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Blackberry and apple jelly best recipe

a ripe blackberry

Fat juicy blackberries in our garden

The blackberry season is just starting here in Cheveley and it’s time to make our first batch of blackberry and apple jelly. I think that this is definitely the queen of jellies, so good that it can be spread on toast in the morning for breakfast or dolloped on plates and eaten with mild soft cheese.

Try and pick the blackberries when the sun has been on them; midday is ideal. For the apples, we use windfalls because they are bruised and will not keep even though they might look perfect. Blackberry and apple jelly is sometimes referred to as hedgerow jelly.

If this is the first time that you have made jelly, check out the tips and tricks below, as some of the terms are a bit quirky. Making jelly is easy, you can cook the fruit one evening and make the jelly the next. (Generally, with jam and chutney, the whole procedure has to be done in one sitting).

We also have an old family recipe for blackberry and apple jam here.

You will need a heavy bottomed saucepan or Maslin pan.

Recipe for Blackberry and Apple Jelly


  • 2lbs/900gms of apples (windfalls or any apples are fine for this recipe)
  • 2lbs/900gms of blackberries
  • water (see method below)
  • White granulated sugar (the amount depends on the volume of juice extracted from the simmered, drained fruit. Ipt/500ml of juice to 1lb/454gms of sugar. I always make sure that I have a 2 kilo bag of sugar in the larder, just in case I fancy making jelly).


  1. Wash the apples, cut out bruised bits and chop roughly. There is no need to peel and core the apples.
  2. Pick over the blackberries, reject any that are tatty and remove any stalks.
  3. Place fruit in a large deep heavy bottomed saucepan, or preserving pan. Add water to cover ½ of the fruit.
  4. Bring slowly to the boil and simmer very gently until all the fruit is soft and squishy. This takes about 15 minutes, depending on how ripe the fruit is.
  5. Pour the cooked fruit into a jelly bag and leave to drip into a bowl overnight. (What is a jelly bag? See tips and tricks below). This is traditionally a piece of sterilised muslin. (How do I sterilise muslin? See tips and tricks below). We use tall buckets to catch the drips from the jelly bags. Rather than hang the bags (conventional method) I find it easier to line a large plastic sieve with the muslin. This clips neatly onto the top of a clean bucket. The sieve is covered with a clean tea cloth to protect against flies.
  6. The next day, measure the extracted fruit juice and pour it into a deep heavy bottomed saucepan. Add 454g/1lb of white granulated sugar for each 570ml/1 pt of juice. Try to avoid squeezing the jelly bag as this can make the jelly cloudy.
  7. Heat the juice and sugar gently, stirring from time to time. Make sure that that all the sugar has dissolved before bringing the liquid slowly to the boil. Continue to boil hard for about 5-10 minutes before testing for a set. (What is testing for a set? See tips and tricks below). If the jelly hasn’t set, continue to boil and teat for a set at three minute intervals. Occasionally a jelly or jam will set very quickly, when this occurs you will notice that the sides of the pan have a coating of jelly and the back of the spoon is coated too. If you spot this, remove the pan from the heat immediately and test for set.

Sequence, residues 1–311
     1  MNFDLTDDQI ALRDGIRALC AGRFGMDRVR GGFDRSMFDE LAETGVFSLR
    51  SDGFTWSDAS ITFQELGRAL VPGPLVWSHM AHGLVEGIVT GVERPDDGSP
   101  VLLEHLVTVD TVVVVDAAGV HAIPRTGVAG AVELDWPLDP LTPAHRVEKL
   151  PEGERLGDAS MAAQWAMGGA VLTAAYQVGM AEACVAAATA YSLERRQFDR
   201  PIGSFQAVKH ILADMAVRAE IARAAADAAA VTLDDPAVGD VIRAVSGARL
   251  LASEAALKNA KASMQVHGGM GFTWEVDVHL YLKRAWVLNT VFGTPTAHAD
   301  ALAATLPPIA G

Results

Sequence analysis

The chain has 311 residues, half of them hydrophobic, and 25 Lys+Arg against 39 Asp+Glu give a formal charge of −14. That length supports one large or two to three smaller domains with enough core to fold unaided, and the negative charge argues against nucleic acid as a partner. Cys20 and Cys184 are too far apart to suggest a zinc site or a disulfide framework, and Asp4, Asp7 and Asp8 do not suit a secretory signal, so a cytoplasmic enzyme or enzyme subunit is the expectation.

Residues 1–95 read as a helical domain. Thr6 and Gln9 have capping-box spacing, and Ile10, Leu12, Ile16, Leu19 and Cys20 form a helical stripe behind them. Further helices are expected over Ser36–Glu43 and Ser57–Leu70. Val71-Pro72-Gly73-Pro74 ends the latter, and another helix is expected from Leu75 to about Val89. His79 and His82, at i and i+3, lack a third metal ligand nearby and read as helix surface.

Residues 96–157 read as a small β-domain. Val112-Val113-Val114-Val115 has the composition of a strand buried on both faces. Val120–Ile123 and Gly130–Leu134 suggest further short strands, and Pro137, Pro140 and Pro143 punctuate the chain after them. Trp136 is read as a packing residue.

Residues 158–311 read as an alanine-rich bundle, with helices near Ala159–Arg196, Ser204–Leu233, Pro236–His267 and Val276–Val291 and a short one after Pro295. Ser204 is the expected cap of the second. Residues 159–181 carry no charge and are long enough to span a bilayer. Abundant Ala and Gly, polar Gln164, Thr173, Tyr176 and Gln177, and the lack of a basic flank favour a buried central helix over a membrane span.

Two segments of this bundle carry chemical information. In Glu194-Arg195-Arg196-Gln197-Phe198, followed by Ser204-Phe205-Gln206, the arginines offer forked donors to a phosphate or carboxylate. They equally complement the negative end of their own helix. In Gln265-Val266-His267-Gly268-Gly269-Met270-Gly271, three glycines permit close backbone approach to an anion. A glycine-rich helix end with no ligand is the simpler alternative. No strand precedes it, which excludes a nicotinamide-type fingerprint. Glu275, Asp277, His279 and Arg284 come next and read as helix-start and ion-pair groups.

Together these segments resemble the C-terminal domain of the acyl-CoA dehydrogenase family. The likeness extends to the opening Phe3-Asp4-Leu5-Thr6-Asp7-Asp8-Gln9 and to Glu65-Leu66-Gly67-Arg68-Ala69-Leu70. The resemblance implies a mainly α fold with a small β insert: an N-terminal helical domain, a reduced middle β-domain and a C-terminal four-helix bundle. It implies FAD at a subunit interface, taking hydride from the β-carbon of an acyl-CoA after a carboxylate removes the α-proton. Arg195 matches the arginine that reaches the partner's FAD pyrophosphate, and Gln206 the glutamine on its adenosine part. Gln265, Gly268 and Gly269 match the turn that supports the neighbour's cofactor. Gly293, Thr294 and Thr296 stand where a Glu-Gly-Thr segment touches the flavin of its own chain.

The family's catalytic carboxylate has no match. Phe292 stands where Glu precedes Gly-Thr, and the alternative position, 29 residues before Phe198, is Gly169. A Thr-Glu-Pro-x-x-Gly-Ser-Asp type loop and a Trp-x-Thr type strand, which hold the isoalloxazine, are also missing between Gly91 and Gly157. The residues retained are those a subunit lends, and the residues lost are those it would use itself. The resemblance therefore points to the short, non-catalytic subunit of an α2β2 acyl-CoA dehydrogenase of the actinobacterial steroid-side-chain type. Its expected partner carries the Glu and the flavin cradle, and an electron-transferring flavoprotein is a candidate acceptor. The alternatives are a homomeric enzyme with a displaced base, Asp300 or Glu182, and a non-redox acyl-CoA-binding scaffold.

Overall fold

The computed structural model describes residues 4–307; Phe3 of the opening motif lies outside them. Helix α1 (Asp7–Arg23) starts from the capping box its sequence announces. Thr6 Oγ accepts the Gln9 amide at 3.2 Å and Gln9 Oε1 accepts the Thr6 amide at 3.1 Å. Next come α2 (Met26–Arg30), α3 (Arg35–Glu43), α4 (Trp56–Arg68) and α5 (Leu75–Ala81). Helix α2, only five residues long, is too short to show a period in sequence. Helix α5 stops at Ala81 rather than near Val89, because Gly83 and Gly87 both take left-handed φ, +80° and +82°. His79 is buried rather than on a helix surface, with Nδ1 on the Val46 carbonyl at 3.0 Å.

8. Toss in a nugget of butter towards the end to reduce the frothing that often occurs.
  9. When jelly has reached setting point pour into warm sterilised jars using a funnel and ladle. (How do I sterilise jars? See tips and tricks below).
  10. Cover immediately with plastic lined screw top lids or cellophane tops secured with a rubber band.
  11. Label when cold and store in a cool, dark place. Away from damp.

Tips and tricks:

  • What is a jelly bag?
    A jelly bag is traditionally a piece of muslin but it can be cheesecloth, an old thin tea cloth or even a pillowcase. The piece needs to be about 18 inches square. When your fruit is cooked and ready to be put in the jelly bag, lay your cloth over a large bowl. Pour the fruit into the centre of the cloth and tie the four corners together so that they can be slung on a stick to drip over the bowl. Traditionally a stool is turned upside down, the stick is rested on the wood between the legs and the jelly bag hangs over the bowl. We experimented and now line a sieve with muslin, place it over a bucket and cover the lot with clean tea cloths (against the flies).
  • How do I sterilise muslin/the jelly bag?
    Iron the clean jelly bag with a hot iron.
  • How do I remove stains from the jelly bag?
    Your jelly bags can also look like new, after you’ve used them. When drained, remove the fruit and put it in the compost bin. Rinse the fruit residue from the cloth with cold water. Put the in a saucepan, cover it with cold water and a good dash of washing powder. Bring the saucepan slowly to the boil. Turn off when boiling point is reached and when cold rinse out well. Magically all stains will have disappeared!
  • Jam “set” or “setting point”:
    Getting the right set can be tricky. I have tried using a jam thermometer but find it easier to use the following method. Before you start to make the jam, put a couple of plates in the fridge so that the warm jam can be drizzled onto a cold plate (when we make jam we often forget to return the plate to the fridge between tests, using two plates means that you have a spare cold plate). Return the plate to the fridge to cool for approx two minutes. It has set when you run your finger through it and leave a crinkly track mark. If after two minutes the cooled jam is too liquid, continue to boil the jam, testing it every few minutes until you have the right set. The jam is far more delicious if it is slightly runny.